In his latest 'guest opinion' for AM Volkswagen Financial Services UK chief executive Mike Todd asserts that charge point accessibility remains the key barrier to electric vehicle (EV) adoption for many car buyers.
His comments were penned prior to today's (June 14) news that the UK Government has axed its plug-in car grant electric vehicle buying incentive to focus its funding on infrastructuire improvements.
As the automotive industry prepares to come together to celebrate Clean Air Day (June 16) and raise awareness of our collective ambition to reduce carbon emissions, I want to use this month’s column to talk about the next phase of the EV revolution.
I’m old enough to remember when electric cars were viewed as niche, almost science fiction-like vehicles.
But, like many people, I’m thrilled by the huge strides manufacturers have made to make these cars more accessible to the mainstream and it’s clear that electric cars are now the future of sustainable travel.
The Volkswagen Group alone is continuing its successful electric offensive, with the Cupra Born and ID Buzz sparking lots of interest as well as seeing sustained demand for the ID range, the Audi e-tron, Škoda Enyaq and Porsche Taycan.
In fact, new figures from the SMMT show that nearly three quarters of a million vehicles on our roads today can now be plugged in, including 720,053 cars, 26,990 vans, 993 buses and 313 trucks.
However, to ensure the popularity of electric cars continues to surge, it’s imperative that our public charging network becomes more accessible.
By this I mean that our public chargepoints are easily compatible with a uniform contactless payment method, are reliable and deliver the advertised power (particularly relevant for ultra-rapid chargers), and are evenly spread in sufficient numbers across the UK.
This issue was brought to the fore by recent industry research, which showed that 60% of EV drivers have a public charging subscription – with 71% of those having between 2 to 5 separate subscriptions.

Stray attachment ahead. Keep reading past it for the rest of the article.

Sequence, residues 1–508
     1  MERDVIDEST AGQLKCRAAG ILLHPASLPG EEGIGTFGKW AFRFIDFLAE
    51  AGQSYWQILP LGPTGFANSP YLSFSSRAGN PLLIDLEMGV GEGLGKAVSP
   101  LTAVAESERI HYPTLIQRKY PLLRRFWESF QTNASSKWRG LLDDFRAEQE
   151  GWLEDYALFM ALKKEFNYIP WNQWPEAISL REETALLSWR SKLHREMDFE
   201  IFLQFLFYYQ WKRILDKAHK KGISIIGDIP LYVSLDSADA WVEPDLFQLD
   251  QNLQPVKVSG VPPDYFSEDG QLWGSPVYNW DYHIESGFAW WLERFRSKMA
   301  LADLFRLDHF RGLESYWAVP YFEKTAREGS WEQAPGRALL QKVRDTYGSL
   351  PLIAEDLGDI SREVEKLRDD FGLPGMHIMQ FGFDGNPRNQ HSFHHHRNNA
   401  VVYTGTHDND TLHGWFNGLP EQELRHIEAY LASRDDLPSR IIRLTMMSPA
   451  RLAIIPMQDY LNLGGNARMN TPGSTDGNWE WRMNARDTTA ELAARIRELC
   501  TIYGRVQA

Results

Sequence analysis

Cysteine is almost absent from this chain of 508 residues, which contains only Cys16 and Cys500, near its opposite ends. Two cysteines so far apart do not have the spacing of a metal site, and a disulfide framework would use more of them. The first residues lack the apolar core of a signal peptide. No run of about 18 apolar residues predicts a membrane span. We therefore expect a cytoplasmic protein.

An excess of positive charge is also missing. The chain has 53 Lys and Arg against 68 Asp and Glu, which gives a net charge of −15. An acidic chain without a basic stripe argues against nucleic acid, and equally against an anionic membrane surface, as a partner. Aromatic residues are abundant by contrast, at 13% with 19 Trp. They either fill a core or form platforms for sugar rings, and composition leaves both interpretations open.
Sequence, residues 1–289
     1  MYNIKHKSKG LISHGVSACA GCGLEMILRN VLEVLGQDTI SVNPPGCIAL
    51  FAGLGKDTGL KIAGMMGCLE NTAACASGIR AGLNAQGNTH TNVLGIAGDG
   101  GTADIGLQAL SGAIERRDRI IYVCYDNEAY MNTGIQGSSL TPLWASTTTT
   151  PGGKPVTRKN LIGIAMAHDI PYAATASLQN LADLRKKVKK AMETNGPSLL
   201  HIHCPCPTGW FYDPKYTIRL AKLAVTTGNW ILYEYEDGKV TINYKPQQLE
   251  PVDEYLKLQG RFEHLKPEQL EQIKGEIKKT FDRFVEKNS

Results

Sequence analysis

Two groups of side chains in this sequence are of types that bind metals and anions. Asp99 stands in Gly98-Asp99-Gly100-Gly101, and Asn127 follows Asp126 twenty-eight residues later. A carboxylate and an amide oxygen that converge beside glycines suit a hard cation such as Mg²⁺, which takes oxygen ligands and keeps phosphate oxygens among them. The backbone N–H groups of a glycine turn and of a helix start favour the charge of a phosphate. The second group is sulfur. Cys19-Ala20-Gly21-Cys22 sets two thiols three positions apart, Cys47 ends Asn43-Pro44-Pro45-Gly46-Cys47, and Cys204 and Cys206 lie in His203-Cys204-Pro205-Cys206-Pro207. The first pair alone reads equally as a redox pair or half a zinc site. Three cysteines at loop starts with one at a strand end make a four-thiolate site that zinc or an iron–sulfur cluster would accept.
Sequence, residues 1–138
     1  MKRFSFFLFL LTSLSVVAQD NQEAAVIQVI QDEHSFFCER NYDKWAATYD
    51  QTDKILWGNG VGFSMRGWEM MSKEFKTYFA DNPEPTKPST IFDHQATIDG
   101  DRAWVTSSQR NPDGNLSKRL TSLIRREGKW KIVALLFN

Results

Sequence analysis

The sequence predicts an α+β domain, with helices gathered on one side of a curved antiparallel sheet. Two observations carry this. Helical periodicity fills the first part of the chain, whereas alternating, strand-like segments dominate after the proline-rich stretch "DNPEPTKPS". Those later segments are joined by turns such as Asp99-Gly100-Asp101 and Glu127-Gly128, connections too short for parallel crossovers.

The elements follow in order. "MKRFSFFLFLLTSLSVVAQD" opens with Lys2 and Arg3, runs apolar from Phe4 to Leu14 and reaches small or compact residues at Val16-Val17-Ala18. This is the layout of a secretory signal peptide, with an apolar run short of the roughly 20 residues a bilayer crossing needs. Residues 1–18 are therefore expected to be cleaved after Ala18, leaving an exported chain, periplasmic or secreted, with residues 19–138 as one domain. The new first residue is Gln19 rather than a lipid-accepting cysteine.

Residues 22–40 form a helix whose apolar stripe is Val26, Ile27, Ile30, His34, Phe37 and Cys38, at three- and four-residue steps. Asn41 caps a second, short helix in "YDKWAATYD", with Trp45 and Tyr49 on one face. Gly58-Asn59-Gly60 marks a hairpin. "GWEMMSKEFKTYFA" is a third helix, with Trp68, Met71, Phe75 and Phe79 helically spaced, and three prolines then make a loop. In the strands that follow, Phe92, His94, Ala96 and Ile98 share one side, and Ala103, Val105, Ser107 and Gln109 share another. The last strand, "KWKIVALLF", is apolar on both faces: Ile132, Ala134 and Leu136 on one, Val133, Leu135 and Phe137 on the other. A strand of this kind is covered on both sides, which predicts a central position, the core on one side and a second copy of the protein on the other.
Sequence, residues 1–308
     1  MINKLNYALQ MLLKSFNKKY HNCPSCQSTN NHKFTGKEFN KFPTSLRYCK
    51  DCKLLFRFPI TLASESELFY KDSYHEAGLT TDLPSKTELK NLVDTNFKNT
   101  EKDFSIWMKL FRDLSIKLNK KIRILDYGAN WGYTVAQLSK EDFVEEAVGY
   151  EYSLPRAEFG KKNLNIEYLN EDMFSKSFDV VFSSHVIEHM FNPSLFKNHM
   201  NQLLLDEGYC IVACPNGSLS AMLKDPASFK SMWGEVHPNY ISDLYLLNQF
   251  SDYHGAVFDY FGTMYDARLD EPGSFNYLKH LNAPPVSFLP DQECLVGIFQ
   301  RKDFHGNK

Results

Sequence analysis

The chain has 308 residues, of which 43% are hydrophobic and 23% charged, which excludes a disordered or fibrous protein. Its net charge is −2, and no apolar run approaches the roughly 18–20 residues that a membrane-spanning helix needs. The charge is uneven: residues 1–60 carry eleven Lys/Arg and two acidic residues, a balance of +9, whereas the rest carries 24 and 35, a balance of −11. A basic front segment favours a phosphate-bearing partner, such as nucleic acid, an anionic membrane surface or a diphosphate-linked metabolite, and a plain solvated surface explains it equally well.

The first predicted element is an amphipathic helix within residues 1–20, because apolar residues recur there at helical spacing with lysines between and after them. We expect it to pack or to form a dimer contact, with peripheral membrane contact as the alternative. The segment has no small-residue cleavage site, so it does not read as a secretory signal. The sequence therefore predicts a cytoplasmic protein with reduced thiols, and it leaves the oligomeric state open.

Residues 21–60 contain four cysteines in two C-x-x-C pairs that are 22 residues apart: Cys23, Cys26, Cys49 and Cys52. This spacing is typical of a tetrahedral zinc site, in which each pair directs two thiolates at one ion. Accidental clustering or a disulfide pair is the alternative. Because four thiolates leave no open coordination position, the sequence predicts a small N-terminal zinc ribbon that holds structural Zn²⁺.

In tandem with this, we found that 3 in 10 people* (who don’t currently drive an electric vehicle) have reservations about making the switch because they feel there aren’t enough charging points in the area they live or work.
So, the industry has a job to do to bridge the gap between the rocketing levels of demand for electric vehicles and improving the public charging infrastructure to maintain consumer confidence.
If we can crack that, I truly believe we will see mainstream adoption of electric vehicles sooner than we think. But how do we get there? How do we successfully navigate the next phase of the EV revolution?
Well, as things stand, the public charging network is quite fragmented and there are many different providers, making it very difficult for drivers to subscribe to every single one.
The providers also have different requirements. Sometimes drivers can pay by card, other times they need to set up an account or have a special app. It has created a confusion of charges.
This can be frustrating for drivers and not only is this difficult to administrate, but it isn’t easy for drivers to navigate multiple apps, accounts and passwords. For example, a petrol car driver may have a single card that can be used at most filling stations, whereas an electric car driver could have ten or more different apps on their phone for different charging point providers.
Knitting together the network, in my view, is one of the most effective ways of reducing charging anxiety.
In theory this prevents the need to open different accounts and should make life easier for both drivers and fleet managers because they’ll only need one account to access and pay for charging.
Perhaps most importantly of all, this would give drivers the confidence that they will be able to access charging points throughout the country – and even across Europe – without requiring a multitude of apps on their phones.
Crucially, this also speaks to a younger generation of tech-savvy drivers and, as I’ve written about in previous columns, we know that the success of the green transition hinges on the buy-in from Gen Z and Millennial drivers.
For example, just this month, the data insights team at Volkswagen Financial Services UK revealed that 66% of 18-24 year olds believe mainstream adoption of electric cars will benefit the environment* – a higher proportion than any other age group.
It’s really important that zero carbon emitting vehicles dominate the next generation of transport and clearly electric cars are central to this being a success.
I firmly believe that by improving the accessibility of the public charging network, our industry can overcome the charging anxiety issue and help to improve the uptake of electric vehicles. And once we’ve done that, the EV revolution has overcome another hurdle on its journey towards mainstream adoption.